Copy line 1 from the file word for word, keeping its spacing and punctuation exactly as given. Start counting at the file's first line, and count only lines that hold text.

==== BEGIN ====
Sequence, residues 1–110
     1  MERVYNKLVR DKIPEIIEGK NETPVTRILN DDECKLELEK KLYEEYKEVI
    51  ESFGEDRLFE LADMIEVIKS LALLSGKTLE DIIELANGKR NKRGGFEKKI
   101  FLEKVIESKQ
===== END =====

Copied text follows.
Sequence, residues 1–110